I am spending two weeks at the Summit Public Schools Basecamp. The Summit Public Schools have been identified as one of the top ten transformational schools in the United States. In this model, students are in the driver's seat of their own learning. They access what they want to study, when they want to work on it through a Personalized Learning Platform which allows them multiple on-ramps for choosing and discovering their best ways of learning. Sounds like a fantasy, right?
I really was not going to do this in 2016/17. I was going to hang out in my sweats and finish my dissertation. Really. That was my plan.
Then a new charter school had its founding principal resign in June. My plan fell to pieces when I was contacted by them and we started talking. Mental note: I should never ever engage in a conversation about transforming schools unless I am willing to take the job. A mere week later, I signed an agreement to get Launch High School up and running.
Launch High School will be using the Summit Personalized Learning Platform. You can read about it here: http://www.progressivepolicy.
One of my goals as a school leader is to significantly reduce the amount of time I spend on attendance issues. I have struggled with the very high drop out rates particularly among our minority students. I have also really had to grapple with my own personal opinion that schools have become less and less relevant to our young people in the 30 years I have spent in the profession. I am disturbed that 50% of our minority students find them so irrelevant that they simply cease engaging in the school environment. I have said more than once that if our schools were responsive to the needs of our learners, I would never have to enforce a truancy statute. I believe this. I want to see it play out in the field.
So, what happens if we re-create what schools look like entirely? Rather than continuing to create disconnected 'course' -- we work to connect the learning to real life. Rather than assuming that every student needs to learn the same things in the same order, we toss out Scope and Sequence in favor of a more just in time approach? I have heard educators--including 4 new teachers I have hired for my team, tell me that this is impossible.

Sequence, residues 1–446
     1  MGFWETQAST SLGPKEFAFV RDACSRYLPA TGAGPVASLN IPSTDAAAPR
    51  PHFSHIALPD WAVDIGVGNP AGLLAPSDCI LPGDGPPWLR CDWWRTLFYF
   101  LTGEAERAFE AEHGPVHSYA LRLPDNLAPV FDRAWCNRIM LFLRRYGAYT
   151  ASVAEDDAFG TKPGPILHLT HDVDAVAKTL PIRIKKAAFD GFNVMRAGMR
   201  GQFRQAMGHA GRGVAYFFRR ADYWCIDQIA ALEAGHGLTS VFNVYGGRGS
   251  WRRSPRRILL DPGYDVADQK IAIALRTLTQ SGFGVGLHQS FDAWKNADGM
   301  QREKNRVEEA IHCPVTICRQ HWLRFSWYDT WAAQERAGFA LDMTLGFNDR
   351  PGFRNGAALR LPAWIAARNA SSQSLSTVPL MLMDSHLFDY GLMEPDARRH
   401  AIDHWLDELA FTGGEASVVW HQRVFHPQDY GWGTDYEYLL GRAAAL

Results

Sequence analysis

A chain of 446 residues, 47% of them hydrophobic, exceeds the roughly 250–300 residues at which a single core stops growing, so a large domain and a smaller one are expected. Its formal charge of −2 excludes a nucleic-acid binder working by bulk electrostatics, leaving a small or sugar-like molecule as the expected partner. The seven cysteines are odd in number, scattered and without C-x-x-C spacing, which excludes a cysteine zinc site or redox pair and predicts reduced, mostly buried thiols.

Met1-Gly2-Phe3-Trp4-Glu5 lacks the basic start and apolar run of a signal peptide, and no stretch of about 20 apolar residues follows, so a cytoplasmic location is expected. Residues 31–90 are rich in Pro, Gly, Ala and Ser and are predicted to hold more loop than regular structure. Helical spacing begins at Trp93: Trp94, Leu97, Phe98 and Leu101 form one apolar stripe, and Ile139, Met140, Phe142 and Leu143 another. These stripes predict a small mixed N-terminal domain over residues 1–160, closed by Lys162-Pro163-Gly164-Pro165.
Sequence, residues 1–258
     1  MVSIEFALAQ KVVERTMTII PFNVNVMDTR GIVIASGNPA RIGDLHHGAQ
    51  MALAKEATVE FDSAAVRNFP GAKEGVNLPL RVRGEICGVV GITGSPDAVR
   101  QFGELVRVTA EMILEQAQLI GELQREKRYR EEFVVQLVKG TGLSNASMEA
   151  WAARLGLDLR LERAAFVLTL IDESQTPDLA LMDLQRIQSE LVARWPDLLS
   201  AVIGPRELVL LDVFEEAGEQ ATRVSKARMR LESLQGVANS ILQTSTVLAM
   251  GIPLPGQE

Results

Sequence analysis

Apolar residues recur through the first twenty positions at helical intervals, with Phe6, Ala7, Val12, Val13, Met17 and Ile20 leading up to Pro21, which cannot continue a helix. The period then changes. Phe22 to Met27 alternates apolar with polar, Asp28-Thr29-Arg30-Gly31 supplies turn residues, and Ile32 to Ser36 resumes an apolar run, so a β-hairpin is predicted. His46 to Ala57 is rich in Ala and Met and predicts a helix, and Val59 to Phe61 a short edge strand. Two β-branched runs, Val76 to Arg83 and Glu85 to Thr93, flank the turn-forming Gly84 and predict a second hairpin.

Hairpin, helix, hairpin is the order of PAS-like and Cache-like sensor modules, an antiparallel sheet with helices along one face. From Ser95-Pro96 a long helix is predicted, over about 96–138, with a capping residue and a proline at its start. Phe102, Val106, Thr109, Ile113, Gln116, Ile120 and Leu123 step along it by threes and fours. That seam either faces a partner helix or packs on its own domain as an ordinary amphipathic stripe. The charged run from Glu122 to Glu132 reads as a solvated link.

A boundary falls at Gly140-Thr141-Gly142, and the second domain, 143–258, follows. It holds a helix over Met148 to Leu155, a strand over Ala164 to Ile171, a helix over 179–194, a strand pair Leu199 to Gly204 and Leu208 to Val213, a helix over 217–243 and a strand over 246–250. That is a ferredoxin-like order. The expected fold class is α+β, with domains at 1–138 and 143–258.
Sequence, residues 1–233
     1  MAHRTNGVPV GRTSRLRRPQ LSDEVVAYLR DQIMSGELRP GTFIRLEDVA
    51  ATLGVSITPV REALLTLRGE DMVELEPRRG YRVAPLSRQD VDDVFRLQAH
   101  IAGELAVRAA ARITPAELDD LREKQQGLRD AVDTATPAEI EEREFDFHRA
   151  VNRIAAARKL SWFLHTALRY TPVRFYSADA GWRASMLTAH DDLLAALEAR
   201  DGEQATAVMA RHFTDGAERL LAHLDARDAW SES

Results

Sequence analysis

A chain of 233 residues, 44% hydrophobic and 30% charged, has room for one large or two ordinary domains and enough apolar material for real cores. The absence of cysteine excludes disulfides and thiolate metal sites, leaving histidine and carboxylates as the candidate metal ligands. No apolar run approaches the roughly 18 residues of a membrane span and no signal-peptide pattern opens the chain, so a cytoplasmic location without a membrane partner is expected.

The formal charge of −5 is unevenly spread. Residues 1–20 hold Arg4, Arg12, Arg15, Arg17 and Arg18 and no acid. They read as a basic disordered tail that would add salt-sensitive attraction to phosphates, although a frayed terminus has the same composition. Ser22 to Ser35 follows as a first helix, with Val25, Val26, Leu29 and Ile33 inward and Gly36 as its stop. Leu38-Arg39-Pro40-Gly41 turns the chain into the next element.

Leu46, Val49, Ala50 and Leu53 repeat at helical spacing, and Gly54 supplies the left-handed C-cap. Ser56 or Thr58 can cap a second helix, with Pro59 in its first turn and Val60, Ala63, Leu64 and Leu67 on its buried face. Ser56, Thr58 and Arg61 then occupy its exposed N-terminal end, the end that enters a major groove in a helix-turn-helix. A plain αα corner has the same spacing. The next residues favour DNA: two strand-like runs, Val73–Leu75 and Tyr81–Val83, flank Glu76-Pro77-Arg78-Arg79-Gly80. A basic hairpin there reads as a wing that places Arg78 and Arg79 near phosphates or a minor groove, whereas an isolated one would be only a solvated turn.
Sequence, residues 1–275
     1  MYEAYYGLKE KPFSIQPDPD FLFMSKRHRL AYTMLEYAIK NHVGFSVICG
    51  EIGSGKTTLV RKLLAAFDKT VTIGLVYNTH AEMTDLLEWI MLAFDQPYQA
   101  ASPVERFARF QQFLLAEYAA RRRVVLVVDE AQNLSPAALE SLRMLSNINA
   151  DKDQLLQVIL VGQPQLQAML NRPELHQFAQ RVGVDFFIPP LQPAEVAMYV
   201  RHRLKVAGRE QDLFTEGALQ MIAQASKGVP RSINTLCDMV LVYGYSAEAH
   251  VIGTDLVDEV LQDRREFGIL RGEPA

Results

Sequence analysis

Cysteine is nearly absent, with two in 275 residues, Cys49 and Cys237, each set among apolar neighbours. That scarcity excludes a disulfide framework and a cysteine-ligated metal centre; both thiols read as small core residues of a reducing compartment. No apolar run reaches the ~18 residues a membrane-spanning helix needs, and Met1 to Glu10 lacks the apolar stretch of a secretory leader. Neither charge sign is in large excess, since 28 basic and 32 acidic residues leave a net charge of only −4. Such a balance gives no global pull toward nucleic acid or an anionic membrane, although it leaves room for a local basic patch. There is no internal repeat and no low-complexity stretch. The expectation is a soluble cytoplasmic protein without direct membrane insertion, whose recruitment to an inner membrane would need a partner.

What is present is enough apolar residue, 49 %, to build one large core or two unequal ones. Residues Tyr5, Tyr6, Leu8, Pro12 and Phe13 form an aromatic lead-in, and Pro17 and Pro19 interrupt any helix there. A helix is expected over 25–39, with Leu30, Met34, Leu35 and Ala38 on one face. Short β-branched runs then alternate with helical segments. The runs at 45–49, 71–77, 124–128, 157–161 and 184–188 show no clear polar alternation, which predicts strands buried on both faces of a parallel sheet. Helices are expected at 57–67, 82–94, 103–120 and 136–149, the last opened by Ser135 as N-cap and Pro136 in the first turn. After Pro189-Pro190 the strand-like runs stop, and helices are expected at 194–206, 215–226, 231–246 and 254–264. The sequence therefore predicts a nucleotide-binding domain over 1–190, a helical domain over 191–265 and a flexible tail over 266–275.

In our model, students will be working on entrepreneurial projects. They will be working inside their communities and their world to figure out how to make things better. While some of these projects will be profit based, we already have students working on social entrepreneur projects with Youth Venture and the Ashoka Foundation. This provides a real world application where learning becomes relevant and effective. Students will have the opportunity become change agents in their communities.
This is exciting and transformational work. It also comes directly against every system currently in place to measure effective schools. To be honest, we do not know what test scores will look like. We are unsure if our post secondary readiness will fit into a rubric the Colorado Department of Education has designed for such purposes. We are hoping that by making what happens both in and out of our building relevant for our students, they will perform well on those measures. However we simply are not sure. This is the disconnect between transformational schools and intractable systems. We need to overcome that.
And yet, how can we do that without critical discourse? I was so deeply saddened by Remi Holden's communications regarding open discourse at the Colorado Learning and Teaching with Technology Conference. As this field continues to emerge, there are important conversations that need to happen--and disagreements will happen. I am a real proponent of iron sharpening iron. We all get better when we agree, disagree, and practice our work collaboratively. I found the communication between the conference and Remi so condescending and inappropriate among a body of scholars. I was sickened. Moderating voices will never move our field forward and in fact perpetuates a status quo that simply is not working. I do not believe this is appropriate in any academic field. I am shocked that this occurred and like Remi, I'm not sure how one even combats this line of thinking.
This sort of fight is mentally exhausting.
I am also intrigued by the additional readings on solitude. As someone who is highly connected during the day, I find myself craving time simply to be rather than to do when I am away from school. I see the demand of the incessant vibration of my cell phone annoying to the point that frequently flip it off. For the purpose of writing this blog, I checked: yesterday I received 43 phone calls; I received 72 emails and responded to 54 of them. By any measure, that it more communication than I could have ever have managed in an unconnected world. Part of this is due to the online nature of the work I do. But there is a seeming expectation that we are all available 24 hours a day, 7 days a week. I have to wonder about the cognitive fatigue we all experience--and whether or not I am meaningfully connected to anyone when I am so fatigued.
This weekend, I am turning off the cell phone--and connecting face to face. I am doing that mindfully. I am doing that because ultimately, I believe life is about relationships and nuturing meaningful connections which are empathetic and rich with shared experiences.
Won't you join me?